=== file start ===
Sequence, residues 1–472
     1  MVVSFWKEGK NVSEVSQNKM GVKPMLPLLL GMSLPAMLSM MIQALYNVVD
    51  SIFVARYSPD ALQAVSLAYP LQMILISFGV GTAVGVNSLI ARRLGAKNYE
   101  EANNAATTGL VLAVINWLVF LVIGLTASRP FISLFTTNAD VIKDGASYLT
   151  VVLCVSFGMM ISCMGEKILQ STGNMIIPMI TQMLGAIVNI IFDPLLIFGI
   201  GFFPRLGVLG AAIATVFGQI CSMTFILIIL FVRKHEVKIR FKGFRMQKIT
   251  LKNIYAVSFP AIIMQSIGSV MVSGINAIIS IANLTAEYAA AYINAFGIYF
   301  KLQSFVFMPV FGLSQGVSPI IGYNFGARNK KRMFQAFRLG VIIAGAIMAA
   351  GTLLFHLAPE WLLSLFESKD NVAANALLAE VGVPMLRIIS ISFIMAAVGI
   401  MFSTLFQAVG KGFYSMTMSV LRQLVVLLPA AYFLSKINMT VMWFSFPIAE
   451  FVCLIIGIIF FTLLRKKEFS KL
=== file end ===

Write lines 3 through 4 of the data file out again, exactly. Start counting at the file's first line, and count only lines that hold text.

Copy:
    51  SIFVARYSPD ALQAVSLAYP LQMILISFGV GTAVGVNSLI ARRLGAKNYE
   101  EANNAATTGL VLAVINWLVF LVIGLTASRP FISLFTTNAD VIKDGASYLT